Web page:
The Venezuelan Exodus, Explained for Health Care Providers, plus New Webinar Series
Venezuela is a land of immigrants. Toward the end of World War II, my father, at the age of four, became one of those immigrants, given up for adoption by my grandmother who, I was told, did not want him to starve to death. The migrants who arrived in Venezuela did not only come from Europe. Many of them also came from South America. Between the 50s and 80s, due to the political, economic, and social problems of countries such as Cuba, Dominican Republic, Panama, Argentina and Colombia, Venezuela received many migrants who, with their knowledge, effort, and determination, helped build the country. In my personal experience, at least during the almost four decades I lived in my country, I never saw Venezuelans, immigrants or not, looking to leave. The Venezuela I knew, despite the problems, did not emigrate.
However, over time, the country grew tired. Despite the largest proven oil reserves in the world, political and economic influences including corruption, authoritarianism and resulting sanctions, and the plummeting price of oil worldwide led to the rise of instability, eventually plunging Venezuela into crisis.
Since 2015, Venezuela has experienced several migratory waves and their causes are multiple and long-standing. In the last few years, threats from armed groups, fear of becoming a political target, extortion, high crime rates, food and medicine shortages, and widespread unemployment launched the country into a humanitarian crisis, forcing many to leave their homes.
Meanwhile, Venezuelan immigrants have been trying for years to rebuild their lives in different countries of the southern hemisphere, but the impact of COVID-19, the high cost of living, the lack of work permits, and high unemployment in the host countries have prevented many from achieving assimilation, resulting in great social tensions and even xenophobic acts against them. This is how many find themselves back at the starting line, launching themselves into new irregular migration routes in search of a better future.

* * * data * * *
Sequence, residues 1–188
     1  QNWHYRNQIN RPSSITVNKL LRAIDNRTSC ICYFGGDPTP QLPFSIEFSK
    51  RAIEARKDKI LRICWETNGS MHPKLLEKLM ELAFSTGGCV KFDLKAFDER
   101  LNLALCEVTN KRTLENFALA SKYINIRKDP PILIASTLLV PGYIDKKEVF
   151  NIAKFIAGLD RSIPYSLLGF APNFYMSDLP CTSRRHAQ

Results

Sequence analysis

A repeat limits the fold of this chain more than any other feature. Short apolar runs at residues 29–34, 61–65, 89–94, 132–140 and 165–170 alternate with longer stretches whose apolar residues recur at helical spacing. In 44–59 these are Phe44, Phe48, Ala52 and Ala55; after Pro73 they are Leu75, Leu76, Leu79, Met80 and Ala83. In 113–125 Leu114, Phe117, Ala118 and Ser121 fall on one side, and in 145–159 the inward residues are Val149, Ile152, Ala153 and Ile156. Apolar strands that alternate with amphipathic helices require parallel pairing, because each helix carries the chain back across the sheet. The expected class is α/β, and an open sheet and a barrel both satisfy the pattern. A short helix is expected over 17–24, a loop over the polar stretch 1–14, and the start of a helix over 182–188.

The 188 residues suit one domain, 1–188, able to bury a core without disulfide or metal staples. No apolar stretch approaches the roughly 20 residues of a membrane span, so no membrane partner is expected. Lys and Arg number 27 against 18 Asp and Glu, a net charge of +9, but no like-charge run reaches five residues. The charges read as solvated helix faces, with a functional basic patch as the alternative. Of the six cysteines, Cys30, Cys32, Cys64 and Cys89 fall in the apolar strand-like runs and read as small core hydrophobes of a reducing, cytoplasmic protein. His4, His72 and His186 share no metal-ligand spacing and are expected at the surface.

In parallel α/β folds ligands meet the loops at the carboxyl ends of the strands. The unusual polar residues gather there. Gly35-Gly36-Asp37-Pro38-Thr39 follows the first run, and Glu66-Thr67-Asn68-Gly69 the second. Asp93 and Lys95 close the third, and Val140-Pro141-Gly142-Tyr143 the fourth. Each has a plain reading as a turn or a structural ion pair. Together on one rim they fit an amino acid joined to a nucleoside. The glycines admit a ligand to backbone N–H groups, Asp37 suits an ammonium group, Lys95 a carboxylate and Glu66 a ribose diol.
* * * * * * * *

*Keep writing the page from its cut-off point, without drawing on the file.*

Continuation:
A record 188,000 encounters with Venezuelan migrants occurred at the US-Mexico border in fiscal year 2022 – but the migration continues to increase. Between January and April 2023, it is estimated that approximately 100,000 migrants crossed the Darien Gap, of which the majority are Venezuelan. Coupled with the recent termination of COVID-19 emergency declarations and the end of Title 42, the increase in Venezuelan migrants at the US-Mexico border could be significant. The expanded Parole Process is expected to continue to lead to greater expulsions of Venezuelans at the border and an increase in migration to the US for Venezuelans who apply for and receive humanitarian parole before arriving to the US-Mexico border.
Migration is a human right; it is also a natural response to struggle. Sixty-nine years after my father took refuge in Venezuela, that same country began to persecute against my nephew, who was protesting the government's violation of students' human rights. In response, my nephew fled Venezuela, returning to the country of my father’s birth. Many of us – here in the US, as well as those in Venezuela – never believed we would be displaced. Understanding the vulnerabilities and unpredictability of migration from a more humane perspective has become urgent.
To prepare health care providers for this influx of Venezuelan migrants, and to build a culture of safety for all migrants, Migrant Clinicians Network is launching a three-part webinar series on Venezuela, in Spanish with simultaneous translation into English. The series will cover: 1) the Latin American historical, socioeconomic, and political context that explains the origins of this exodus; 2) the current social and political transformations that acted as expelling forces; and 3) the Venezuelans’ journey through the Northern Triangle countries and Mexico on their way to the US. Venezuelan Exodus for Health Care Providers webinar series will be presented on June 1, 8, and 15, guided by experts in the field including professors, a health justice advocate, and a doctor, who are very familiar and knowledgeable about the current situation in Venezuela and the history of the country.
Register for the webinar series on our Upcoming Webinars page.
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